Drilling a hole in the HS and placing a thermocouple on the top of the CPU die is the method AMD uses when testing chips without an internal temperature sensor. This is the only AMD approved method and it is the method that was used in this article.

Quote from the article : “Thermal Integration ThermoEngine: With the stock fan this cooler doesn’t do so well, but with the Delta it is a different story. The price isn't bad on these and they just came out with colored anodized versions for those of you who are into that. Just be careful relying on the motherboard probe readings since they tend to be significantly lower (5-6C) than the actual temperature of your processor.” The reason for the temperature difference from the AMD approved method and the motherboard probe (socket thermistor) is because the open base design of the Thermoengine cools the motherboard and the motherboard probe. Here is more information on socket thermistors and the problems with measuring temperatures through secondary heat paths.
 
OP
C

Colin

Arctic Silver Senior
Joined
Dec 19, 2000
Lack of airflow on the motherboard due to watercooling will measure higher temps at the socket thermistor. They are still inaccurate because of the secondary heat path. My KT7A-Rs socket is completely insulated both front and back for use with pelts. With a straight Maze 2 block my temps read higher than on a noninsulated board because thermistor is some what isolated by the neoprene insulation.
 

CalCoolage

Registered
Joined
Jun 30, 2001
Colin (Jul 12, 2001 09:50 a.m.):
Drilling a hole in the HS and placing a thermocouple on the top of the CPU die is the method AMD uses when testing chips without an internal temperature sensor.
.
OK. I've debunked the AMD approved method. Removing the heatsink from part of the core elevates the temperature at that spot, invalidating the temperature reading.

>The reason for the temperature difference from the AMD approved method
> and the motherboard probe (socket thermistor) is because the open base
>design of the Thermoengine cools the motherboard and the motherboard probe.

If the probe is cooler, so is the chip it is in contact with, whether the mobo is being cooled or whatever the reason for the cooling. What is happening is the secondary heat paths are becoming more primary.

>Here is more information on socket
>thermistors and the problems with measuring temperatures through secondary
> heat paths
This article uses an electrical analogy, with heat flow being like current and temperature being like voltage. The current (heat) flows through different resistances. There are parallel current paths, two corresponding to the flow through the front and through the back of the chip. Each path is a series of resistances and there are various voltages at each resistance, referenced to ground (room temperature). The paths are like voltage dividers, so that the voltage measured (temperature) is a portion of the source voltage (temperature). The author calls the voltage division "compression".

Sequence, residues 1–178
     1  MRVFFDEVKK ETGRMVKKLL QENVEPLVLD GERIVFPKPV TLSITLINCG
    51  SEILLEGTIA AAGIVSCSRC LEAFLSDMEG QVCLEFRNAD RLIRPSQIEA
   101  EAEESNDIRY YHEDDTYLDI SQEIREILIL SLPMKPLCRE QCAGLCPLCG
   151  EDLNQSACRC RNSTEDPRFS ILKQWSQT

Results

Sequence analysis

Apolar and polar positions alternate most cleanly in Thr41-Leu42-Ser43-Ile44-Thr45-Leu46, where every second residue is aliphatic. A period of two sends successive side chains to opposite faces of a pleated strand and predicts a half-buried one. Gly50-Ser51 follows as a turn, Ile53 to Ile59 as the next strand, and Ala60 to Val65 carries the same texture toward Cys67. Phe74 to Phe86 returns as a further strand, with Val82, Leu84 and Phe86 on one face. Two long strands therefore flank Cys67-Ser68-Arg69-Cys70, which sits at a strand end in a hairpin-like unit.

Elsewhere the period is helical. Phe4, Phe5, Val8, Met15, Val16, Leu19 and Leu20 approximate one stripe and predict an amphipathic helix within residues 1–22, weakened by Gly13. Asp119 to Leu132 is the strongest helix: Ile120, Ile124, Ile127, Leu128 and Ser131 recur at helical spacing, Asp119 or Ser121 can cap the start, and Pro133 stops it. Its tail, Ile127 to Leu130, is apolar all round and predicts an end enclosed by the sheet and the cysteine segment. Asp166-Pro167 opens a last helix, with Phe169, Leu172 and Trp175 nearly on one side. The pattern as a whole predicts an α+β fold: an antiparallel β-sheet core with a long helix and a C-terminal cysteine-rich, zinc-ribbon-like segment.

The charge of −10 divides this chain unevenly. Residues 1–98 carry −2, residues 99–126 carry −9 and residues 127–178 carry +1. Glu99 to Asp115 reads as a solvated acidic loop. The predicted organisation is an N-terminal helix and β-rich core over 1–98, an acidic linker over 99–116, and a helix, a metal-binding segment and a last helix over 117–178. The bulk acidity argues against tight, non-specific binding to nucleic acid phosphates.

If the heat flowing though the secondary path is insignificant, then measuring temperature in the secondary path gives a very accurate measure of temperature, just as when measuring voltage with a high impedance voltmeter, although the measurement is only proportional to the temp and not the actual temperature. OTOH if the heat flowing in the secondary path is significant, cooling the secondary path is an important way of cooling the CPU, and some HSFs provide additional valuable cooling. In that case, it also means the temperature readings are out of proportion. If some HSFs can cool the secondary heat path more than others, then they are also changing the thermal resistance in that path.

All temperature measuring devices, including an on-chip diode, at best measure something which is proportional to the temperature and not the actual temperature, so "compression". is not a phenomenon unique to the in-socket thermistor.

The link assumes there is such a thing as "the core temperature". But it also asserts that the temperature at the side of the case is different then the center, which is no doubt true. In other words there is no one temperature that is "the core temperature." Take for instance the on-chip memory cache. We know from the difference between the Athon and the Duron that it is a very large heat source and generates a lot more heat when it is accessed heavily than otherwise. It has a particular location on the chip and its temperature will be different than other parts of the chip.
An on-chip diode also has a particular location and can only possibly measure the local temperature, which is not necessarily proportional to the average temperature of the entire chip.
In short, the deficiency of the in-socket probe when compared to other possibilities is not so large, but rather the comparable uncertainties of alternative methods .have been neglected.
 
OP
C